Ólàjú expands awareness of African culture and identity with a focus on powerful photography | Art Stories and Interviews | San Antonio

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Wandile Xaba

My Ancestor, the SerpentWandile Xaba

After earning his undergraduate degree in International Business from UTSA in 2011, Femi Ogunleye returned to Nigeria, where his family is from, to deepen his connection to its culture and heritage.

As part of this immersion, he began collecting art, bringing pieces back to San Antonio.

“I was coming back to the States with the art, and people started to get interested and wanted to know more,” Ogunleye said. “I became a sort of middleman between artists in Nigeria and art collectors in Texas.”

More recently, Ogunleye – through his non-profit organization Ólàjú – exhibited the works of photographers from across Africa at The Brick at Blue Star Arts Complex in late January and February.

“Perspectives from Within: A Collection of African Photography” is still available until the end of the year via a virtual exhibition on the Ólàjú website. The online exhibition features the work of eight photographers from Morocco, Nigeria and South Africa.

Currently, Ólàjú focuses on showcasing the work of African photographers due to the difficult logistics of shipping paintings and sculptures.

“There is a huge under-representation of African arts,” Ogunleye said. “Few people have seen African arts presented in a gallery. It really is an intercultural exchange.

Part of the reason Ogunleye started Ólàjú was to raise awareness of African arts and help eliminate misconceptions and stereotypes people might have about artwork from a continent they don’t know both in terms of its cultural contributions.

“Some even question the legitimacy [of the art],” he said. “When you present the work, some people are like, ‘OK, why is this here?’ So, I take this opportunity to talk about black history in San Antonio, so people can start to make the connection.

For the exhibitions he curates, Ogunleye said he looks for “young, emerging artists” who are “on the verge of breaking new ground.” It also revolves around artists who “push certain narratives” about their African culture and identity.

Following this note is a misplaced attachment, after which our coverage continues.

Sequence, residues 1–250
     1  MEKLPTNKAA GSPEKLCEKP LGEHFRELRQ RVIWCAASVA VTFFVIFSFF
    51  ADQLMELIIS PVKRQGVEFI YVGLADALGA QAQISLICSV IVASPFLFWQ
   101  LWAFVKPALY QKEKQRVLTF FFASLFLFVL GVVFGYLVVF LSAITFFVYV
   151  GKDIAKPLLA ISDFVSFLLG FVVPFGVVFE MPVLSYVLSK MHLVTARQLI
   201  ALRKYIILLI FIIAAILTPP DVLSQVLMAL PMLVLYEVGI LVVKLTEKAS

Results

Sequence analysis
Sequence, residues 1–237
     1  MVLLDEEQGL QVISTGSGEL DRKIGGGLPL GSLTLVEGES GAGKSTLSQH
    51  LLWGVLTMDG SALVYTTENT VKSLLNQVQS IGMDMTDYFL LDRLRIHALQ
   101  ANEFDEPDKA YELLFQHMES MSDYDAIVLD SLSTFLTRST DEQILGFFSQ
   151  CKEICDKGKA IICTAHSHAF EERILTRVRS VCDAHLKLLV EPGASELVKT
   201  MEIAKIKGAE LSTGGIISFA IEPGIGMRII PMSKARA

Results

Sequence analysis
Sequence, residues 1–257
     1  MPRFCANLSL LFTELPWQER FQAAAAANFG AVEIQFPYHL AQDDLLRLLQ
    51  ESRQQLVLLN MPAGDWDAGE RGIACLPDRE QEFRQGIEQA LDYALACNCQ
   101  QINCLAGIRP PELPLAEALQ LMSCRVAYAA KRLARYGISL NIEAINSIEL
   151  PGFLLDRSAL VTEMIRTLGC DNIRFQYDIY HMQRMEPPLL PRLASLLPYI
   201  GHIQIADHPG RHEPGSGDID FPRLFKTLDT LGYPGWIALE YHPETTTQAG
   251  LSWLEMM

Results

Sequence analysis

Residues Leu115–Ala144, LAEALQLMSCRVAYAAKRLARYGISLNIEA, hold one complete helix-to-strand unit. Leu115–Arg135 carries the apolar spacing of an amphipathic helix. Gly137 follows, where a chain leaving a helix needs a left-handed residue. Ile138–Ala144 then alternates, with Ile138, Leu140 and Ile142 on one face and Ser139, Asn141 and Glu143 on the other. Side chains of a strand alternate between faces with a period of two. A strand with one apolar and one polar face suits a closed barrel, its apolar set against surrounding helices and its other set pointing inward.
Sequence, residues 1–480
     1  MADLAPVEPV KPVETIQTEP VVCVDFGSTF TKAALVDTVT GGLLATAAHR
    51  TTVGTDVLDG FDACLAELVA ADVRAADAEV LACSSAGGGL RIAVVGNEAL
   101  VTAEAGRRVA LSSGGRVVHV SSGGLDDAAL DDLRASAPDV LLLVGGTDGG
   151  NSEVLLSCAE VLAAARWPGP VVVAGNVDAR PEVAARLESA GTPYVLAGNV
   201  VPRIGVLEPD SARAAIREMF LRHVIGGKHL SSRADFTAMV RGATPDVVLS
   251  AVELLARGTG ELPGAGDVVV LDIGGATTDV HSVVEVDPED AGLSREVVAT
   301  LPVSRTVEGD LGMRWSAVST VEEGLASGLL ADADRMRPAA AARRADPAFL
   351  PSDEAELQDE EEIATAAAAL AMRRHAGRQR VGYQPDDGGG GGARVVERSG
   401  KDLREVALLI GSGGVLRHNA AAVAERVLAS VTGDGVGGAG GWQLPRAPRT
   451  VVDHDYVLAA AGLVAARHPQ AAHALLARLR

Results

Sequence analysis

“I want the work to be challenging and different from what we are used to,” he said. “All the photographers of [“Perspectives from Within”] have a great eye for their subjects.

The artists exhibiting at “Perspectives from Within” are Wandile Xaba, Joy Eno, Fatima Zohra Serri, Ismail Zaidy, Marouane Beslem, Ogorogile Nong, Ohio Ohiwerei and Yasmine Kazeem.

Eno, a visual artist from Enugu, Nigeria, said her work examines gender, sexuality and self-expression. His six photographs in the exhibition speak to the stereotypical narrative of manhood in Nigeria. She hopes the work shows how diverse and complicated African society is, and that it goes far beyond the “lion and hut stereotype” or “Wakanda narrative” that American audiences might attribute to the content.

“The man is the ‘head’ of the family even though he has no leadership skills,” Eno said. “He is the only provider even if he earns less. He must mask emotions to show a position of strength. These rules put all gender in a box and leave a lot of men depressed.

Xaba, a photographer from Umlazi, South Africa who identifies as a queer activist, said she uses her photography to rewrite her traumatic history as a black queer woman.

“I look critically at how black bodies have been viewed historically, versus the colonial gaze,” Xaba said. “I wanted to flip this presentation to better suit the Africa I live in with an emphasis on my South African background.”

Xaba wants her work to initiate new conversations and prompt questions such as “Who is watching? “Who is the watching subject?” and “Who has the power in a picture?”

“I want my photographs to offer a chance to engage with societies’ perceptions while challenging everyone’s perspectives and assumptions,” she said. “Africans are generally portrayed as stereotypical binaries. It is essential that Africans tell intrinsic stories to avoid the danger of single narrative.

“Perspectives from Within” can be viewed online at olaju.org.

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